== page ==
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[1332b] [1] for our habits make us alter them: some qualities in fact are made by nature liable to be modified by the habits in either direction, for the worse or for the better. Now the other animals live chiefly by nature, though some in small degrees are guided by habits too; but man lives by reason also, for he alone of animals possesses reason; so that in him these three things must be in harmony with one another; for men often act contrary to their acquired habits and to their nature because of their reason, if they are convinced that some other course of action is preferable.

Now we have already1 defined the proper natural character of those who are to be amenable to the hand of the legislator; what now remains is the task of education, for men learn some things by practice, others by precept.

But since every political community is composed of rulers and subjects, we must therefore consider whether the rulers and the subjects ought to change, or to remain the same through life; for it is clear that their education also will have to be made to correspond with this distribution of functions. If then it were the case that the one class differed from the other as widely as we believe the gods and heroes to differ from mankind, having first a great superiority in regard to the body and then in regard to [20] the soul, so that the pre-eminence of the rulers was indisputable and manifest to the subjects, it is clear that it would be better for the same persons always to be rulers and subjects once for all; but as this is not easy to secure, and as we do not find anything corresponding to the great difference that Scylax states to exist between kings and subjects in India, it is clear that for many reasons it is necessary for all to share alike in ruling and being ruled in turn. For equality means for persons who are alike identity of status, and also it is difficult2 for a constitution to endure that is framed in contravention of justice. For all the people throughout the country are ranged on the side of the subject class in wishing for a revolution, and it is a thing inconceivable that those in the government should be sufficiently numerous to over power all of these together. But yet on the other hand that the rulers ought to be superior to the subjects cannot be disputed; therefore the lawgiver must consider how this is to be secured, and how they are to participate in the government. And this has been already3 discussed. Nature has given the distinction by making the group that is itself the same in race partly younger and partly older, of which two sets it is appropriate to the one to be governed and for the other to govern; and no one chafes or thinks himself better than his rulers when he is governed on the ground of age, especially as he is going to get back what he has thus contributed to the common stock when he reaches the proper age. In a sense therefore we must say that the rulers and ruled are the same, and in a sense different.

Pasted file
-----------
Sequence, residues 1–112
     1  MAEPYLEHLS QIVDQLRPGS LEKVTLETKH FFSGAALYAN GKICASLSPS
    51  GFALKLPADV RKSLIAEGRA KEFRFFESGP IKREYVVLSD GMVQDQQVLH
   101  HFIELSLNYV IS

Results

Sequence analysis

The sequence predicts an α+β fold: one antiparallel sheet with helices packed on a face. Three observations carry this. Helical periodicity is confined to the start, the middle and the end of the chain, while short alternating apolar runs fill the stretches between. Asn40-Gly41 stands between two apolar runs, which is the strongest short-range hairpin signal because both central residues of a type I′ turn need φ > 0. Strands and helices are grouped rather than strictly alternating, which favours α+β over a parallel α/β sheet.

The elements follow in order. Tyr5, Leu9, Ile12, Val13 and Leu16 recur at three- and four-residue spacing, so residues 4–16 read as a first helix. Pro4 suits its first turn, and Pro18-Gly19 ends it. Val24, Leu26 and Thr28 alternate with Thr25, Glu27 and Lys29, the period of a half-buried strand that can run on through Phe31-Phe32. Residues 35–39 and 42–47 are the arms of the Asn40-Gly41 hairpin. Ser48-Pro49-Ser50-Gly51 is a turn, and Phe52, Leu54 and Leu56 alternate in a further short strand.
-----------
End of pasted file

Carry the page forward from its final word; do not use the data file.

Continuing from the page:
1 In 4.

2 The emendation suggested by Richards gives ‘For equality and identity (of status) are just for persons who are alike, and it is difficult,’ etc.

3 8.3, 1329a 4 ff.

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